Immunoreactive cells were quantified by computerized image analysis (Seescan Cambridge, UK). Analogue images were captured via video link to an Olympus BX50 microscope and converted into a digital monochrome image by the computer. The grey-shade detection threshold was set at a constant level to allow detection of positive immunostaining and the area of highlighted immunoreactivity was expressed as a % area of the field scanned. One section per nerve specimen was image-analysed at the stated optimum dilution (this followed a series of 5 sections immunostained with 5 different antibody dilutions). The visual fields were selected at random, avoiding edges of the section. The area was 442 μm × 332.8 μm. Three to five fields per tissue section were scanned and the mean value was used in subsequent statistical analysis. For DRG, the intensity of immunoreaction of sensory neurones was assessed in blinded fashion by two observers at two dilutions of antibodies and given a mean score (vision inspection scale: 0 = no immunoreaction; 1 = weak; 2 = medium; 3 = strong). DRG neurones were counted in the entire section (mean 54.58; range 34–87) per DRG.

Western blotting

Brachial plexus nerves from 4 controls and 8 injured patients (3 acute and 5 chronic injured) were available for Western blotting. Note that only 3 samples for the acute group were available (10, 15 and 17 days of injury duration) and represent the latter stage of the "acute" phase. Nerve extracts and mouse macrophage control extracts (Transduction Labs, Cowley, UK) were processed for Western blotting as described [37]. Briefly, non-specific antibody binding sites were blocked by incubating the strips in 5% (w/v) non-fat dried milk in a solution of PBS containing 0.1% (v/v) Tween 20 for 1 h. Primary antibody incubation was 2 h or overnight in block buffer (Cox-2 at a titre of 1:2000). After washing, sites of attachment of primary antibodies were detected using immunoperoxidase reagents (Vector Laboratories, Peterborough, UK). Immunoreactivity using chemiluminescence was visualised on Hyperfilm film after treatment with Electrophoresis Chemiluminescence (ECL)-plus Western blotting detection system (Amersham Biosciences Ltd, Little Chalfont, UK). Optical density readings of each Hyperfilm were taken using a Digit-X densitometer (X-Ograph Ltd, Tetbury, UK) evenly illuminated on a photography viewer. Background readings were determined by measuring optical density outside the sample lanes. After subtraction of background, the mean of three consecutive readings of protein immunoreactivity at the 70-kDa positions for each sample lane was obtained.

Statistical analysis

Descriptive statistics were generated using Microsoft Excel 2000 for Windows (Microsoft, Redmond, WA, USA) and GraphPad Prism version 3.00 for Windows (GraphPad Software, San Diego California, USA). Group differences were assessed using a nonparametric test, the Mann-Whitney U test (one-tailed), in GraphPad Prism. Statistical significance was considered at P < 0.05.


Human brachial plexus nerves and DRG

Both EP1 antibodies showed immunoreactivity in nerve fibres (Figure 1A), which appeared more intense in acute injured nerves (Figure 1B). The results of image analysis are given below. In human DRG, EP1 immunoreactivity (EP1-IR) was detected in small/medium diameter neurones of control (Figure 1C) and injured human DRG (Figure 1D). A significant increase of intensity was observed using the visual inspection scale in DRG sensory neurones after injury in the acute group (surgery delay < 21 days; 3.5 ± 0.34) compared to control DRG (2.57 ± 0.20, p = 0.02). Chronic injured DRG were not significantly different (2.83 ± 0.17).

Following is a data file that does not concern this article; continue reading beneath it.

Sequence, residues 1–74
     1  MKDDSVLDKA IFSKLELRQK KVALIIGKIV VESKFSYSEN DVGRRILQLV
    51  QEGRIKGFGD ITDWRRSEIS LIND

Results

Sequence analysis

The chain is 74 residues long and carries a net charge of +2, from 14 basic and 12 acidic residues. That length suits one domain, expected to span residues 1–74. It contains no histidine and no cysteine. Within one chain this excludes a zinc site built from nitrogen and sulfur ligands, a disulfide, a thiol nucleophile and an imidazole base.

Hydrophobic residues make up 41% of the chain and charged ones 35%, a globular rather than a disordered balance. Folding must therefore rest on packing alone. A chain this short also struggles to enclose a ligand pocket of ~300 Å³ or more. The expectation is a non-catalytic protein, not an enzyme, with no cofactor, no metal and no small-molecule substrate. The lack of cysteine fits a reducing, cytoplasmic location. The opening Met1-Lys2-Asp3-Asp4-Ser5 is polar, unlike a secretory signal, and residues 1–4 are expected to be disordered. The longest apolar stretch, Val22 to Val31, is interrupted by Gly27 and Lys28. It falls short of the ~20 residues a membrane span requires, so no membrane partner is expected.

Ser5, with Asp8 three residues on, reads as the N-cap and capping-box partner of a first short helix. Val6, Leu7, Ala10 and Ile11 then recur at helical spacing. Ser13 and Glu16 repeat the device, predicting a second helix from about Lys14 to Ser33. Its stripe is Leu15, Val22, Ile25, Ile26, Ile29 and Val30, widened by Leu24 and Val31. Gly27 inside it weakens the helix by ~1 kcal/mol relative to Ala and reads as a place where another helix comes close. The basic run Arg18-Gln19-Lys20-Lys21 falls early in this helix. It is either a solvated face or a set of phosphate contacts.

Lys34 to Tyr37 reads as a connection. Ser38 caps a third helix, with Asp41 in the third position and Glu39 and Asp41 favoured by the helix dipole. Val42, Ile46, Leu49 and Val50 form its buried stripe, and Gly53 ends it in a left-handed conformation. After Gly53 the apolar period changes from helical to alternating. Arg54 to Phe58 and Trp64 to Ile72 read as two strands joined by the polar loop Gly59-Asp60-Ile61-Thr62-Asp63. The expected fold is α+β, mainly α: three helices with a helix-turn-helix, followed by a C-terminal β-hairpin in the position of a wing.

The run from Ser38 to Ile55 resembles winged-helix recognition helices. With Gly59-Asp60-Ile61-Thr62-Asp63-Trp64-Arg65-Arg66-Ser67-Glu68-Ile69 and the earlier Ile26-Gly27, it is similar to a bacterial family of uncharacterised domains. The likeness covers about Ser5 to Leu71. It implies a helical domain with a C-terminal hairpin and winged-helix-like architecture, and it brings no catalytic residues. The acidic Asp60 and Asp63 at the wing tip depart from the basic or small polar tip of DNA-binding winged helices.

Figure 1
figure 1

EP1 immunoreactivity in human injured brachial plexus nerves and avulsed DRG. EP1-IR was observed in nerve fibres in control nerves (A) and appeared more intense in injured nerves (B). EP1-IR was detected mainly in some small/medium diameter neurones (arrowheads) of control (C) and more so in injured human DRG (D). Scale bars = 50 μm.

EP1 and NF-immunoreactive nerve fibres were quantified by image analysis (% immunopositive area) in injured and control nerves and expressed as the ratio EP1:NF (Figure 2). EP1-IR:NF-IR ratio was significantly higher in injured acute proximal (0.17 ± 0.05; n = 5; p < 0.03) and distal (0.22 ± 0.69; n = 5; p < 0.01) and injured chronic proximal (0.19 ± 0.06; n = 6; p < 0.01) and distal (0.33 ± 0.18; n = 6; p < 0.01) nerves compared to controls (0.03 ± 0.01; n = 5).

Figure 2
figure 2

EP1-IR:NF-IR ratio in human proximal and distal injured nerves. Significant increases of EP1-IR:NF-IR ratios were observed in human nerves proximal and distal to injury when compared to uninjured nerves. * p < 0.03; ** p < 0.01.

A time course analysis of EP1-IR:NF-IR ratio and Cox-2-IR in human brachial plexus nerves showed that EP1 expression preceded Cox-2-IR increased levels (Figure 3). Similar results were found with both EP1 markers.

Figure 3
figure 3

EP1-IR:NF-IR ratio and Cox-2-IR in proximal brachial plexus injured nerves – time course. The time course of EP1-IR:NF-IR ratio and Cox-2-IR showed that EP1 preceded Cox-2-IR increased levels.

A 70 kDa Cox-2 band was observed in mouse macrophage control and human nerve extracts, which was clearly more prominent in the acute nerves (Figure 4). The optical density of the Cox-2 70kDa band was significantly increased (p = 0.02) in the acute group (1.41 ± 0.04, n = 3) compared to control nerves (0.55 ± 0.09, n = 4). No statistical significant difference was detected for the chronic group (0.61 ± 0.09, n = 5).

Figure 4
figure 4

Cox-2 70-kDa band by Western blots. Cox-2 70-kDa band in control nerve (A), acute injured nerve (B) and chronic injured nerve (C). The Cox-2 70 kDa band was clearly more prominent in the acute nerves.

Human painful neuromas